A brand’s ideologies and principles is one of its most significant assets that attracts customers, as they agree and associate with what the brand stands for. Once this is lost, the brand faces serious damage to its name and reputation, which is precisely the case with Balenciaga.
Balenciaga “Gift Shop” campaign – cc: @newyorkpost
But the real question is: Does the lack of cultural awareness for individual countries influence the amount of scandal associated with luxury brands? If so, do luxury firms have a responsibility to become aware?
In 2019 Burberry debuted their Autumn/Winter collection showcasing hoodies that seemed to feature a noose around the neck of certain models. While the intent of the noose was simple maritime, it soon sparked scandal and controversy as many claimed it was “Culturally Insensitive.”
While Burberry, soon after, released a press release apologizing for the insensitivity, the scandal was born, with many asking if Burberry had “Lost touch with reality…”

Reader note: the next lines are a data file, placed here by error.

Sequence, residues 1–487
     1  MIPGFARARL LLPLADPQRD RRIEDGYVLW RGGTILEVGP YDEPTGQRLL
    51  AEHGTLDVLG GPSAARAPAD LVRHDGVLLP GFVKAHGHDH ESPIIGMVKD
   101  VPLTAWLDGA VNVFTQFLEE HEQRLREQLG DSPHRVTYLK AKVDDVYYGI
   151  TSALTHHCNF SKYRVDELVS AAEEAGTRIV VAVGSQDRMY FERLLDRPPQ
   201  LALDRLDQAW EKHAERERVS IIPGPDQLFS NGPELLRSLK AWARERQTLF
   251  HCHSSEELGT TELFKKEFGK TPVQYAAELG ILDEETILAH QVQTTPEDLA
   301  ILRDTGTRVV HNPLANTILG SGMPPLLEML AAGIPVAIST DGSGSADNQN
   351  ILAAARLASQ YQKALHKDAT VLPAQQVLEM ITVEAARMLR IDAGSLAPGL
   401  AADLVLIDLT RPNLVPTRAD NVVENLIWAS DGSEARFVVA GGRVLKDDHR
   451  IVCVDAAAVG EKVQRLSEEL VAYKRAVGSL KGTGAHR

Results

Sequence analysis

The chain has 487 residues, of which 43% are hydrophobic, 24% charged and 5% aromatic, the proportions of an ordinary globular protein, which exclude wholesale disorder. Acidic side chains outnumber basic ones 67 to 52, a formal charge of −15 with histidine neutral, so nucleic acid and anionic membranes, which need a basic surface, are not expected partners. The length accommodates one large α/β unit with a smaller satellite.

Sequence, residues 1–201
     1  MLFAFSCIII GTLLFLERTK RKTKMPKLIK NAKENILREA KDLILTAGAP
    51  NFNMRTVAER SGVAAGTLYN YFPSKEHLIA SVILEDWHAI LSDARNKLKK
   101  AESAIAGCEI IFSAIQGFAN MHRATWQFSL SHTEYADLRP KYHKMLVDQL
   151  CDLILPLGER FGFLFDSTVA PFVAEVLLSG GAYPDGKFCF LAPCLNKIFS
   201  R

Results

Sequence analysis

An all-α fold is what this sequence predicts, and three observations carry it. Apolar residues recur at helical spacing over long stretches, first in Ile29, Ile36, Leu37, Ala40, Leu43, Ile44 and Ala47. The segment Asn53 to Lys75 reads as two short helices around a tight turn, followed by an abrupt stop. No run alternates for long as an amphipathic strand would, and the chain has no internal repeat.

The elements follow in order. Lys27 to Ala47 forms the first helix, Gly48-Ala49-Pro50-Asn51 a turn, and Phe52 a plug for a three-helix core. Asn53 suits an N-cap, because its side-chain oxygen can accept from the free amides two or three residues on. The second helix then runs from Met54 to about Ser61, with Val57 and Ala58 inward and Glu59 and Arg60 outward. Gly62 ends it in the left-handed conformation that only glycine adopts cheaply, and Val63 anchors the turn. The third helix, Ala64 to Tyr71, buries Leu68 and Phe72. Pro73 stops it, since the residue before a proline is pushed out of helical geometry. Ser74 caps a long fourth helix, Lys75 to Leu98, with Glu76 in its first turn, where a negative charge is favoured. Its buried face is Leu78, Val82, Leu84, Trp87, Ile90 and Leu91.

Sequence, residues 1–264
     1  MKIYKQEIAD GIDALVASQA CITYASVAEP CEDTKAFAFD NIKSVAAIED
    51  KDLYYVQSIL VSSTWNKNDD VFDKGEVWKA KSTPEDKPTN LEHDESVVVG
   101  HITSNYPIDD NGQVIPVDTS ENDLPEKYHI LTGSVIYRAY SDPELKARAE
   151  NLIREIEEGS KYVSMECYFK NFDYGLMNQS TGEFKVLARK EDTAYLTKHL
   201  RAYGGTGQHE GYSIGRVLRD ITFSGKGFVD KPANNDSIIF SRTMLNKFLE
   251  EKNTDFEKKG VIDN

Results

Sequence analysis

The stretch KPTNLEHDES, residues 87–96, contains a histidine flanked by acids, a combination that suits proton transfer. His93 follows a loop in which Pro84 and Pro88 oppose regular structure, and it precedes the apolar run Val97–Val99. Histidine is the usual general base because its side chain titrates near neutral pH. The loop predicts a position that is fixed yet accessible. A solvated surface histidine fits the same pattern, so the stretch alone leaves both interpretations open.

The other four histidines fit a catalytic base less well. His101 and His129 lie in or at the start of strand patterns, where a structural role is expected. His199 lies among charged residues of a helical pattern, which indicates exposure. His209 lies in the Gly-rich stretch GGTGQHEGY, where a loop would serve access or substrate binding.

The controversy that Burberry sparked not only angered American customers, as they looked like the controversial noose used in linching, but sparked outrage around developed countries with the rates of suicide rising. Model Liz Kennedy, who was featured in the show even stated “There are hundreds of ways to tie a rope and they chose to tie it like a noose completely ignoring the fact that it was hanging around a neck”, she continued “A massive brand like Burberry who is typically considered commercial and classy should not have overlooked such an obvious resemblance.”
Which leads to the question: Should Burberry have known better or was this a simple clerical error?
Burberry A/W 19 – cc: @theguardian
Does it get more scandalous than 2019’s Gucci?
In their Autumn/Winter 2018 collection, Gucci unveiled their 890$ worth “balaclava” knit, covering the bottom half of the face, with red lips around the mouth. Claiming the garment resembles “Blackface”, it caused a serious backlash after being posted on social media, users let out their rage. Until the brand issued an apology, and interrupted the sale of the sweater. Under the circumstances, one person tweeted: “Balaclava knit top by Gucci. Happy Black History Month y’all”. In a Twitter post, the Italian luxury brand said it “deeply apologizes for the offense caused by the Wool Balaclava Jumper. We can confirm that the item has been immediately removed from our online store and all physical stores, and are fully committed to increasing diversity throughout our organisation and turning this incident into a powerful learning moment for the Gucci team and beyond.”